6. I got a Macbook Pro when I changed jobs a few months ago. My department is pretty platform agnostic, and the last time I’d tried OS X was about 6 years ago. I used it as my primary OS for about a month, then switched to using the Ubuntu install I had on it full-time. My impression was about the same as it was the last time I tried, yeah it’s nice enough, but there’s nothing compelling there to make it worth putting up with the discomfort it caused by adjusting my usage patterns. One thing that really struck me as funny was that there was a lot of customization I did to make it behave more like GNOME, but it all had to be done via the command-line because those options weren’t exposed in the UI anywhere. Oh, irony…

  7. Anders: honestly you sloppy focus people deserve any and all pain received :)

    Luis: I’ve been using OS X for a few months now and it mostly feels like a non-broken Linux to me. Video drivers work, suspend/hibernate works, sound works, etc. Yet there is still the friendly and familiar bash shell. Not to mention I can continue to use the same web browser I’ve known and loved on Linux.

    Also, the availability of high quality apps (Adobe CS4, Lightroom, Aperture, iMovie, the list goes on) should not be overlooked. I know hardcore Free Software types will balk, but the quality of applications on Linux is simply nowhere close to those on Windows and Mac.

  8. I am extremely uninterested in most of those applications; I still deeply appreciate the freedom of my data even if over time source access has proven less useful to me. But yeah, I’ll be playing with some of them.

  9. Well, from the other side, things that aren’t quite “there” yet in Ubuntu that keep me with the Mac. Although a *lot* of progress has been made in the last couple years, my general concerns do come down to polish/integration/ease-of-use:
    * Global notifications with Growl
    * Global well-integrated keychain
    * Global well-integrated dictionary
    * Global well-integrated search with Spotlight
    * Quicksilver
    * Set it and forget it Time Machine and networked Time Machine backups
    * Frameworks for storage/access to address book, to do list, calendar, preferences, etc., so that I can choose which program to use and still get at the same data, and easily sync it across machines. This isn’t by any means perfect, but it works reasonably well in most cases.
    * Exchange support in Snow Leopard (I’m not a fan of the big monolithic mail/address/calendaring programs, and much prefer the smaller special-purpose programs that nicely integrate with the central stores discussed above)
    For what it’s worth.

  10. Right, it’s “OS X”, not “OS/X”, but if you people teach others about that, you probably should also explain why, esp. to so someone who’s accustomed to reading things about “GNU/Linux” (because GNU it’s GNU system software with a Linux kernel).

    The “X” in “Mac OS X” doesn’t mean anything else than the roman number for 0xA or decimal 10. Mac OS X is just the next version after Mac OS 9.

    And, BTW, some people, including marketing, sometimes talk about things like “Mac OS X 10.6”, which is completely wrong as the “10” is already in the “X”. ;-)
    I guess that’s why the official line is to use the codenames for the .x nowadays, and then Mac OS 10.6 is Mac OS X “Snow Leopard” – nice isn’t it?

  11. I was thinking of getting a macbook. I heard they were better than other laptops. and I also have heard they have problems with the screens and memories sticks.

  12. I switched from Linux to Apple a few years ago when I needed a laptop that went to sleep when you close the lid, no questions asked. With portables, I see not even a hint that anything comes close in the “just works” department to a MacBook. I use VirtualBox when I need a Windows or Linux computer.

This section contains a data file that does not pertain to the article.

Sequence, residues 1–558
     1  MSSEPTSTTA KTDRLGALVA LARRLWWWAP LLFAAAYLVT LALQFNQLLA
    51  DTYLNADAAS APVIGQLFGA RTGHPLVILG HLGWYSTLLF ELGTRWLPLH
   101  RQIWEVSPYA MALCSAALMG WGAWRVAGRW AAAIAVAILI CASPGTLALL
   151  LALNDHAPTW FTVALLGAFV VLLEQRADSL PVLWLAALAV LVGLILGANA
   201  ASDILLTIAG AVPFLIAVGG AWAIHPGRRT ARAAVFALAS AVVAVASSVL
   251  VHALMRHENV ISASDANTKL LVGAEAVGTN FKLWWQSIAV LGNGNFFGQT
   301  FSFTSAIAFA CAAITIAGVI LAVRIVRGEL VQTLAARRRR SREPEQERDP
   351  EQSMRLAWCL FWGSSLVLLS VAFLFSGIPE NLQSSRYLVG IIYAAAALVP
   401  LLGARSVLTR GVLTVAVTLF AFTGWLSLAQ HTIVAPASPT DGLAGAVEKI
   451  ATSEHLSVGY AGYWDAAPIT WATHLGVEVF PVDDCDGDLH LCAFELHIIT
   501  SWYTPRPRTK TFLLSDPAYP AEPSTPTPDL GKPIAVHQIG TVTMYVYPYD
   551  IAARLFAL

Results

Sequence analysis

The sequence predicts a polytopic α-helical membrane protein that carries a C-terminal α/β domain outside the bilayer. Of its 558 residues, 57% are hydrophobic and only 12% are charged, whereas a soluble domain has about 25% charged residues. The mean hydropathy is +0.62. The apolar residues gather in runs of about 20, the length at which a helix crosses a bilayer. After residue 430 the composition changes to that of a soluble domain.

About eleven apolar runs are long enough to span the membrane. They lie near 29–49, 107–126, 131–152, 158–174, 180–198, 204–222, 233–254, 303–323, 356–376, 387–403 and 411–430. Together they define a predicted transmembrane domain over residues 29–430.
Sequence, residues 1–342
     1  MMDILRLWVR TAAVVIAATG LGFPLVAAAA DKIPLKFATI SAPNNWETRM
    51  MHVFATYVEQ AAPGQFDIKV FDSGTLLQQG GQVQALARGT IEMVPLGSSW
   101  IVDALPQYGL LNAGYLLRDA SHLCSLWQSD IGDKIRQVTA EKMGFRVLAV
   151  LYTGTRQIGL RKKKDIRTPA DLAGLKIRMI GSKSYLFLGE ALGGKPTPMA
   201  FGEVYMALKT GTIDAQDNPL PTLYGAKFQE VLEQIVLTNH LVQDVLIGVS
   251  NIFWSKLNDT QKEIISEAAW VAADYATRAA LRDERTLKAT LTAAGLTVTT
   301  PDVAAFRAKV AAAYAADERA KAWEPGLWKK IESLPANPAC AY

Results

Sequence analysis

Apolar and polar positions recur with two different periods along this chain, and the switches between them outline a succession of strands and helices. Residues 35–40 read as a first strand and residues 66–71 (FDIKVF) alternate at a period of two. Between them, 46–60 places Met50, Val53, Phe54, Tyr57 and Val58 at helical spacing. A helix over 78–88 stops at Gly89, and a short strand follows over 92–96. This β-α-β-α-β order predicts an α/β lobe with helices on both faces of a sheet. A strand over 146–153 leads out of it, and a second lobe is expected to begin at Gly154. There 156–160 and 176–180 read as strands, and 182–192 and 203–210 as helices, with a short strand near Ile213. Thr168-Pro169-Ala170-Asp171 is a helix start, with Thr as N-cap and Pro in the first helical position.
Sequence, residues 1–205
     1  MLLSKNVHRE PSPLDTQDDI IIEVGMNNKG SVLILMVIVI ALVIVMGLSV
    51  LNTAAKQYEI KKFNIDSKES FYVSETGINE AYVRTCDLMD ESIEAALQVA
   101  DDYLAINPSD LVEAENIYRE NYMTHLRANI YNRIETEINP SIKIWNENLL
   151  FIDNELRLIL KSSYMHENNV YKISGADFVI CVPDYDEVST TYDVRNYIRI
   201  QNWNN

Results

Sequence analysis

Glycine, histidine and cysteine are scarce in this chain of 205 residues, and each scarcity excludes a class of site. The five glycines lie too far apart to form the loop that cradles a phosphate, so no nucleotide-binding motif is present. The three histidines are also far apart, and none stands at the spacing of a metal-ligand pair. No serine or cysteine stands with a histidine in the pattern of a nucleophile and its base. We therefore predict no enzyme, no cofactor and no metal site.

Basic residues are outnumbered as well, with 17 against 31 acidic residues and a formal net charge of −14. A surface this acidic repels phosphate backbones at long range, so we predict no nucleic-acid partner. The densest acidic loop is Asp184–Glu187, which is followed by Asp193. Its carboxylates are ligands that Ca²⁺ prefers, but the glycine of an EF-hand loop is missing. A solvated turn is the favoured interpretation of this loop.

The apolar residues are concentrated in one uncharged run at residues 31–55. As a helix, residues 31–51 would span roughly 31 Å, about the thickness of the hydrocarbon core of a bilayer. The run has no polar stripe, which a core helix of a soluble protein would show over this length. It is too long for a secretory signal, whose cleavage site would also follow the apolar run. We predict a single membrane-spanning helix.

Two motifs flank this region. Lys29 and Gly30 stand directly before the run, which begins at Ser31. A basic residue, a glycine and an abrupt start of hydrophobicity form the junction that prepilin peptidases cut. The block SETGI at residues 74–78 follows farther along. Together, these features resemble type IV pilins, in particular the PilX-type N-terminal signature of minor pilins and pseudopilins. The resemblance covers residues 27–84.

You should take a look at Time Machine, which is the first system that makes backups realistic for the non-geeks (ie my parents, who I moved from Linux systems to iMacs a few years ago and are now converts). Scrivener is even better than you think it is, and will keep me using a Mac when all other reasons have gone.

    The “just works” part is what is killing Linux for me. I have a Ubuntu 9.10 desktop machine (quadcore) I use as a home server and that dual boots to Win XP for the rare game. It turns out that Canonical not only didn’t include a graphic login manager for GDM, but that they screwed around with the kernel to the point where Win XP 32 bit cannot be used with VirtualBox 3.1.2 on Ubuntu 64 bit, and you have to install 2.6.32 by hand. This is the sort of thing you simply don’t see with OS X (no slash, by the way) probably because nobody wants to get screamed at by Steve Jobs.

    The nice thing is, you can have your cake and eat it, too. Use OS X for the day-to-day work on a portable, and Linux for other stuff as a desktop computer, and synchronize your files with unison, the most unsung piece of software on the planet. This is what I have been doing for a while now, and am as happy as I can be.

  13. Sorry, I should add that I use Firefox on the MacBook (because of AdBlock) and Gmail for email (Mail, which is kind of meh, only picks up stuff as a local backup). So my most important programs don’t care which operation system I use anyway.

  14. Coming late to the party, but to James Willcox:

    If you’re citing Adobe CS4 as “quality apps”, then I’m guessing you don’t use them for the core of your business like my company and I do. :-) Their products tend to be rife with bugs, and often have big regressions between major versions (which are sometimes then “fixed” in the next major by being removed).

    Don’t get me wrong, Adobe’s products have a lot going for them. But code quality seems to often take a back seat to the latest interface change (can’t count the number of palette design changes from before and after the Macromedia merger) or bling feature. Worst is that the Mac version is essentially a Windows port and has gotten further away from the Mac conventions with each release.

    Take a look at for more of vox populi. Critics tend to speak louder than plaudits, but I think Adobe’s products’ history exempts them from a list of exemplary “quality apps”.